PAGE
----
IfIf broadband access was a problem before 2020, the pandemic turned it into a crisis. As everyday businesses moved online, city council meetings or court proceedings became near-inaccessible to anyone whose connection couldn’t support a Zoom call. Some school districts started providing Wi-Fi hotspots to students without a reliable home connection. In other districts, kids set up in McDonald’s parking lots just to get a reliable enough signal to do their homework. After years of slowly widening, the broadband gap became impossible to ignore.
So as we kick off our Infrastructure Week series, we wanted to show the scope of the problem ourselves. This map shows where the broadband problem is worst — the areas where the difficulty of reliably connecting to the internet has gotten bad enough to become a drag on everyday life. Specifically, the colored-in areas show US counties where less than 15 percent of households are using the internet at broadband speed, defined as 25Mbps download speed. (That’s already a pretty low threshold for calling something “high-speed internet,” but since it’s the Federal Communications Commission’s standard, we’ll stick with it.)
Maps like this are important because, for much of the past decade, the scale of the problem has been maddeningly difficult to pin down. Most large-scale assessments of American broadband access rely on FCC data, a notoriously inaccurate survey drawn from ISPs’ own descriptions of the areas they serve. Even as the commission tries to close the broadband gap, its maps have been misleading policymakers about how wide the gap really is.
Instead of the FCC’s data, we drew on an anonymized dataset collected by Microsoft through its cloud services network, published in increments by the company over the past 18 months. If the FCC monitors the connections that providers say they’re offering, this measures what they’re actually getting. You can roll over specific counties to see the exact percentage of households connected at broadband speed, and the data is publicly available on GitHub if you want to check our work or drill down further. It’s not a perfect dataset, since device speeds can also be affected by bad routers or slow processors that have nothing to do with the underlying connection. But for better or worse, these are the speeds users actually experience, which puts the dataset worlds ahead of what you’d get from the FCC.
The disparity between FCC reports and the Microsoft data can be shocking. In Lincoln County, Washington, an area west of Spokane with a population just a hair over 10,000, the FCC lists 100 percent broadband availability. But according to Microsoft’s data, only 5 percent of households are actually connecting at broadband speeds.
Other areas stand out for the sheer scale of the problem. Nine counties in Nevada fall under the 10 percent threshold, covering more than 100,000 people and the bulk of the area of the state. Most of Alaska is a similar dead zone — understandably, given how rugged the state’s interior is — but similar gaps pop up in southwest New Mexico or central Texas.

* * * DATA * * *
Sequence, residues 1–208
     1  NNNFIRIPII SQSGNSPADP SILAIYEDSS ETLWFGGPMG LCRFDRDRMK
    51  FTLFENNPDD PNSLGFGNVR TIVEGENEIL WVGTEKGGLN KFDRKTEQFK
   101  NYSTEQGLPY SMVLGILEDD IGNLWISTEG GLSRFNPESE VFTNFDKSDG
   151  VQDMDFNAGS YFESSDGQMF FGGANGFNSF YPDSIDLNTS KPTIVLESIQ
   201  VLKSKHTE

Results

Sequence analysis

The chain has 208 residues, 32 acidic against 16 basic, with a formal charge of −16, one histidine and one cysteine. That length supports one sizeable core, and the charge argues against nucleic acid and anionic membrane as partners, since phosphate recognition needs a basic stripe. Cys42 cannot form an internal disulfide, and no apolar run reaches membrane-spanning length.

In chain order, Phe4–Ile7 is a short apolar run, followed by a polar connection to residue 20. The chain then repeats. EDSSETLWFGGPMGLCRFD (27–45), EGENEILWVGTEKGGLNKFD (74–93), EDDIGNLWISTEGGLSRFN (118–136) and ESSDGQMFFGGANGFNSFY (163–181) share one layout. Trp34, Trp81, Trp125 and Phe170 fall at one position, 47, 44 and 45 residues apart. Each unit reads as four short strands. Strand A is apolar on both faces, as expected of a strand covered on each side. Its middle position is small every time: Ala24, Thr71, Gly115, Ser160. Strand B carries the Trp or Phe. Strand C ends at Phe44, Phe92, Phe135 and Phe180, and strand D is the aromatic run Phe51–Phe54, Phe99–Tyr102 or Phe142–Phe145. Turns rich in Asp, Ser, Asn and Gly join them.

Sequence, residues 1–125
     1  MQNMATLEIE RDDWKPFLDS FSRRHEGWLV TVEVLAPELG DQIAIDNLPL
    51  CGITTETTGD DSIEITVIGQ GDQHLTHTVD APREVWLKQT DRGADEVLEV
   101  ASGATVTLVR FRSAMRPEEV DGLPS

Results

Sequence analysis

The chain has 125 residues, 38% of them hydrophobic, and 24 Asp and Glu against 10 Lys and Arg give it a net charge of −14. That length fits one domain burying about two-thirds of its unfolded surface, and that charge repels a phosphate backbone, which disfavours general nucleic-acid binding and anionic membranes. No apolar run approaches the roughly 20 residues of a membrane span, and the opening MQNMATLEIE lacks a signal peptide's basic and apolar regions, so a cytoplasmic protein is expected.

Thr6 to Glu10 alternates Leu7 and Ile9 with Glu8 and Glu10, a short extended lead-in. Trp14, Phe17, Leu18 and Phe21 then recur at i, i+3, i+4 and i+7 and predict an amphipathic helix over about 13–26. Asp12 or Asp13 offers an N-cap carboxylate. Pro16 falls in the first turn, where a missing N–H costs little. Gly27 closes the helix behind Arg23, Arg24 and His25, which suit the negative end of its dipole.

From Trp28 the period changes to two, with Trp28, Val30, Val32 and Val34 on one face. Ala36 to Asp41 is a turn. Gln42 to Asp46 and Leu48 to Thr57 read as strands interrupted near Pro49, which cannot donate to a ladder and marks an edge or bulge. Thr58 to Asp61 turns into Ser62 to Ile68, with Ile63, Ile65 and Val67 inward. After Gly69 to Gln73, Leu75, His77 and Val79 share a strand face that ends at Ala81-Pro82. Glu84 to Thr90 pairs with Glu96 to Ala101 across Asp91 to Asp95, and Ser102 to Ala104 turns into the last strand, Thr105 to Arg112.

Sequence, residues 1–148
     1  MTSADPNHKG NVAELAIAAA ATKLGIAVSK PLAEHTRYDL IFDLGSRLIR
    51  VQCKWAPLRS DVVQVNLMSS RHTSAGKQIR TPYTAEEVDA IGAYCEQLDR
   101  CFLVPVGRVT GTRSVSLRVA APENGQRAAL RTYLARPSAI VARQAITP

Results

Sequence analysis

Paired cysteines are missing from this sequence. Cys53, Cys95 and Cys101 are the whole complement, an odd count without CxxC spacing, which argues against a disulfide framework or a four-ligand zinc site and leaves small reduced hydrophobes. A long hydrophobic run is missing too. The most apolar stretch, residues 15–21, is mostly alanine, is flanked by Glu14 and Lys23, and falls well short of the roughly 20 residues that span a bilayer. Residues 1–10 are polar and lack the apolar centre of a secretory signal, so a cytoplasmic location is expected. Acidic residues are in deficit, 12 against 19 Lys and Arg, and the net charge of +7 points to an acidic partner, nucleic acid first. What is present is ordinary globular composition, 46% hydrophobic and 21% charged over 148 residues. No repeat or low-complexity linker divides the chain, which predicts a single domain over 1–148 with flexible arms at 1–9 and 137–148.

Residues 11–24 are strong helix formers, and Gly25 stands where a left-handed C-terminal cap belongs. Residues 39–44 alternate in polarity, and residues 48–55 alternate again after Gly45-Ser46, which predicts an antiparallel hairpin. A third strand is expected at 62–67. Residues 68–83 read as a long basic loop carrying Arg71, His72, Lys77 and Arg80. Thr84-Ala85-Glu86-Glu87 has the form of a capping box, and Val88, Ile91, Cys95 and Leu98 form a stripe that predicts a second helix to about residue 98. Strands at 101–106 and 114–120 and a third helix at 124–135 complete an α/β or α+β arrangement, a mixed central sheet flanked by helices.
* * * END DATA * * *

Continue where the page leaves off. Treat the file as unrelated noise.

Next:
Because it’s measuring usage, this data doesn’t distinguish between people who can’t buy a fast connection and people who simply can’t afford one, and in other places, you can see the connectivity problem as one more consequence of accumulated neglect. In Arizona, Apache County stands out as a long thin stripe in the northeast corner of the state, showing just 5 percent broadband usage. More than 70,000 people live there, most of them members of the Navajo, Apache, or Zuni tribes. According to the census, more than 23,000 of them are living in poverty, by far the highest poverty rate in the state. Across the border, San Juan County, New Mexico, shows 29 percent broadband usage, so the problem isn’t that the county is too remote or that the terrain is too difficult to manage. Apache County is simply poor, and the slow progress of the broadband buildout seems like a promise it will stay that way.
This story is part of Infrastructure Week
With the right eyes, you can even see the broadband gap as a dividing line for the US at large. Counties on the wrong side of the line are poorer and more remote, losing population even as the country grows. This is why there’s no broadband, of course: from a business perspective, building out fiber in Apache County is a losing bet. But the lack of fiber also stifles economic activity and makes young people more likely to leave, creating a cycle of disinvestment and decay that has swallowed large portions of our country.
In theory, this is a problem the federal government is getting ready to fix. President Biden has proposed $100 billion in broadband funding as part of the American Jobs Plan, more than twice what the FCC estimated would be necessary to bring broadband to 98 percent of households. But it will be a long walk from appropriating that money to actually laying fiber in places like Apache County. That road starts with taking a long look at the shaded parts of this map and thinking about what it will take to truly get them online.